As you saw, the pieces array within a team object contains each piece as an object. You can define the amount of the pieces for each team in pieces property when creating your game instance.
A piece object literal contains thre properties. point whose value represents an index in map array within the in game's board instance. If the piece is not set yet, point is null. The other property is removed that contains a boolean value. It is used to declare a piece as removed. The third one is the Getter activePieces that just returns an array with all pieces of the team that are not removed but still active.
{
  name: "teamName", // "white" or "black"
  pieces: [
    ...
    {
      point: null, // null or the index of the point, the piece is standing on
      removed: false // Wether the piece is already removed
    }
    ...
  ]
}

Rules

To handle internally with rules and the logic of a game, a object for rules, named __rule exist in your game instance.

Get Moves

To get a list of all valid moves call:
myGame.getMoves();

This will return an array containing objects representing each movement specially for the kind of movement. For example, a set & remove movement only needs a targetPoint property wether a move movement usually has also a startPoint property containing the point the movement is going to start from.

Movement Object Literal

{
  action: "movementName", // "set", "move" or "remove"; String describing the kind of movement
  startPoint: [Object], // Optional. Point object literal who refers to the start point within the 'board.map'
  targetPoint: [Object], // Point object literal who refers to the target point within the 'board.map'
  team: "teamName" // "white" or "black"
}

Get Piece

To get a piece that is related to a point's position, use the getPiece method.
// Returns the piece object literal
var piece = myGame.getPiece({
  row: 0,
  position: 0
});
// Log the piece object
console.log(piece);

Important

If not piece is related to this point, the method will return undefined.

Set

To set a new piece to the board use the set method of your game instance. (More about the coordinating system in MorrisBoard->Coordinating)
var changeset = myGame.set({
  team: "white", // Name of the team you want to use
  row: 0,
  position: 0
});
// If an error occured (Set action was not allowed)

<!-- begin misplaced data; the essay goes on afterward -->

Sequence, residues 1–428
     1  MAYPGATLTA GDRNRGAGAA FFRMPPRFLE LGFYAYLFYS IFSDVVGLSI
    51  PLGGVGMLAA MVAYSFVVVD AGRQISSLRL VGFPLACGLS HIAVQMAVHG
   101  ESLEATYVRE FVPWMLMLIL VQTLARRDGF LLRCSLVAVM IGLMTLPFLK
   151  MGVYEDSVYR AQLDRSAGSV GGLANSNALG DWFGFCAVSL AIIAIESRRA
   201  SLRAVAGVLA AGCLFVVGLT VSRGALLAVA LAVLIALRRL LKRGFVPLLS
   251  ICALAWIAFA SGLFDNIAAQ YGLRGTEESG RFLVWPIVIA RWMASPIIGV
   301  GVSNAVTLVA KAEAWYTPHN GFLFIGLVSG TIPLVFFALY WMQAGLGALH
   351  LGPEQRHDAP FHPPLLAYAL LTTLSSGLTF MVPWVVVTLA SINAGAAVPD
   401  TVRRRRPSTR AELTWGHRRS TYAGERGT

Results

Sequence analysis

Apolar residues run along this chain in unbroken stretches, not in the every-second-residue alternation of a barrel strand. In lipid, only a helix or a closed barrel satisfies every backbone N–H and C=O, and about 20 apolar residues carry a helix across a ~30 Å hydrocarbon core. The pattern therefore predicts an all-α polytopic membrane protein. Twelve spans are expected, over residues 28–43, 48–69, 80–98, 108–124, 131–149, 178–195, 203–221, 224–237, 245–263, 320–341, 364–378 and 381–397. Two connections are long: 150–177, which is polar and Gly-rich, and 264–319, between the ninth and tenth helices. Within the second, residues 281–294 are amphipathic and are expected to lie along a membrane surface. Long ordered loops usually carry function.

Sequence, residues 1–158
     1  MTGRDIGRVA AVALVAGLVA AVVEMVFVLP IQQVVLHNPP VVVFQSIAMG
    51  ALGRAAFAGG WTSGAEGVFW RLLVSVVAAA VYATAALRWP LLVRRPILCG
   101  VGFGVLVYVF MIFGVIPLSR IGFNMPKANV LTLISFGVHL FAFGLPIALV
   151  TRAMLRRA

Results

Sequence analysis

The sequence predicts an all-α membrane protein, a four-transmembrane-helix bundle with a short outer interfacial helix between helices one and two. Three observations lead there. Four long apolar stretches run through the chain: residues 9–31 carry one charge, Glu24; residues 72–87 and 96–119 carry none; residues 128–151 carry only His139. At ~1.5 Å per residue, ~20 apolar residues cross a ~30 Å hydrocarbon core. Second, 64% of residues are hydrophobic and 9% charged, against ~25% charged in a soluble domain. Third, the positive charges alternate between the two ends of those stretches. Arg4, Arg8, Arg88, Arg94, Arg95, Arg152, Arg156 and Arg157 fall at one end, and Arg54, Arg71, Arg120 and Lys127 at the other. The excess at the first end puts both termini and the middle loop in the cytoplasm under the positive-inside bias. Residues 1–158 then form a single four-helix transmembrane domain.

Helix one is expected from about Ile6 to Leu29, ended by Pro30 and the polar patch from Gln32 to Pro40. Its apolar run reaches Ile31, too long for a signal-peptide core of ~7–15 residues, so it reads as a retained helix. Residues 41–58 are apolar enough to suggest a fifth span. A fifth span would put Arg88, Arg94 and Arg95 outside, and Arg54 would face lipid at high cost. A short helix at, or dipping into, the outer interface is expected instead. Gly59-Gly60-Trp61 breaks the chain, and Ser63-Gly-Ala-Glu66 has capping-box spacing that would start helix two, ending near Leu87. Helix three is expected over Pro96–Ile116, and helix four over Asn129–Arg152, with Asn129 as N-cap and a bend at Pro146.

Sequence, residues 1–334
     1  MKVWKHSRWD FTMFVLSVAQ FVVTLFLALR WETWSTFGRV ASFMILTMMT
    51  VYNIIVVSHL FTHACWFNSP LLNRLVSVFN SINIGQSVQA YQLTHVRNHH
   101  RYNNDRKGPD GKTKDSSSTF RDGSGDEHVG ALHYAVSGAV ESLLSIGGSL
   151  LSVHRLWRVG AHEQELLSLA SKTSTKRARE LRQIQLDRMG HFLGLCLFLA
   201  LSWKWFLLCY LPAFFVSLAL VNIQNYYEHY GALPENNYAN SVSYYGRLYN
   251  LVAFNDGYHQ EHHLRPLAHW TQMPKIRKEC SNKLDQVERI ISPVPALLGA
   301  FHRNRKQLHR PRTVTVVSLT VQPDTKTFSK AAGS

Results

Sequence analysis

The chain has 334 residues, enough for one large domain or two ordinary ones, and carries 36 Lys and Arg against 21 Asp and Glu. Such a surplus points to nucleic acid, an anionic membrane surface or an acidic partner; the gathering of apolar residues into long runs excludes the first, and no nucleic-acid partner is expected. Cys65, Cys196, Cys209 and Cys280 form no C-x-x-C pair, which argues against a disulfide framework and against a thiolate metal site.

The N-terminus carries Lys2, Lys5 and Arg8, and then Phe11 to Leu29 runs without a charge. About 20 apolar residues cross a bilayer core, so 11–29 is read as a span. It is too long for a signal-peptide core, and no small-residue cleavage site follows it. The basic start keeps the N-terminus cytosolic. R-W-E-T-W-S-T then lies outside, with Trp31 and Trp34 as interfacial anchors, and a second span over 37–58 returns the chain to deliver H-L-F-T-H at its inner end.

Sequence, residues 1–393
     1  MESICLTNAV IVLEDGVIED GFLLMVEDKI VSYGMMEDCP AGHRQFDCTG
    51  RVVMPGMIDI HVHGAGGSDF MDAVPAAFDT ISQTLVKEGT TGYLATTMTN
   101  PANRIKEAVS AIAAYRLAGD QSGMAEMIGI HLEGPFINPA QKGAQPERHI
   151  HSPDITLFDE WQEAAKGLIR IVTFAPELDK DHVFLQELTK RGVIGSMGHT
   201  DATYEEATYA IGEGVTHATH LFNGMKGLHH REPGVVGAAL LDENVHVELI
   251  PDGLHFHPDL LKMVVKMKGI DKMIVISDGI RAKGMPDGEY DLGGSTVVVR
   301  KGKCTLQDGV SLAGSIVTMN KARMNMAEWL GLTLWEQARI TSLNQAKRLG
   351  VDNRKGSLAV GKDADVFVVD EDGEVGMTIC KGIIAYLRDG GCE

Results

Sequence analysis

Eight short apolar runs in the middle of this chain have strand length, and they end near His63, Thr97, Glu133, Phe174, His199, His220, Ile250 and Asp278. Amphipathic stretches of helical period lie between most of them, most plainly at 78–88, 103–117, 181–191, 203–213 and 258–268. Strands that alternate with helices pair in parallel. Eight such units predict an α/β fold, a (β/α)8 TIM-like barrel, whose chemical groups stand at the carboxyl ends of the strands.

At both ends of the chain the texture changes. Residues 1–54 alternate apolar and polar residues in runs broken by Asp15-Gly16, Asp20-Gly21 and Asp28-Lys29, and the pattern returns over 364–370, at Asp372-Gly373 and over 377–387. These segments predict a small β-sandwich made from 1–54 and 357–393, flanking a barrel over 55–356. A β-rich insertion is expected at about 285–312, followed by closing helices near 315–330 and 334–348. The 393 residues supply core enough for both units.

if (changeset.error) {
  console.error(err);
}
// The set action was successfully
else {
  console.log(changeset);
}

Move

To move a piece from one point to another one, use the move method of your game instance.
var changeset = myGame.move({
  row: 0,
  position: 0,
}, {
  row: 0,
  position: 1,
});

// If an error occured (Movement was not allowed)
if (changeset.error) {
  console.error(err);
}
// The movement was successfully
else {
  console.log(changeset);
}

Remove

To remove a piece from the board, use the remove method of your game instance.
var changeset = myGame.remove({
  row: 0,
  position: 0
});
// If an error occured (Removement was not allowed)
if (changeset.error) {
  console.error(err);
}
// The removement was successfully
else {
  console.log(changeset);
}

Next Team

To get the next team just get the property nextTeam of your game instance. Please keep in mind that this property is a getter and is related to the __lastChangeset object of your game instance.
// Get the next team
var nextTeam = myGame.nextTeam;

// Log it
console.log(nextTeam);

Important

Please keep in mind that after a created mill, the next action is normally remove. But the next team is not the team that is removing (Normally the same team that created the mill before) but the contrary team whose piece will be removed.

Next Action

To get the next action that should be performed within the game, just get the property nextAction of your game instance.
// Get the next action
var nextAction = myGame.nextAction;

// Log it
console.log(nextAction);

Phase

The phase property of your game instance returns the current phase of the match. (0-2) / (1-3)
// Get the current match's phase
var phase = myGame.phase;

// Log it
console.log(phase);

Game Over

To get wether the game is over, just get the gameOver property of your game instance.
// Get wether the game is over
var isGameOver = myGame.gameOver;

// Log it
console.log(isGameOver);

Draw

To get wether the game is a draw, just get the draw property of your game instance.
// Get wether the game is a draw
var isDraw = myGame.draw;

// Log it
console.log(isDraw);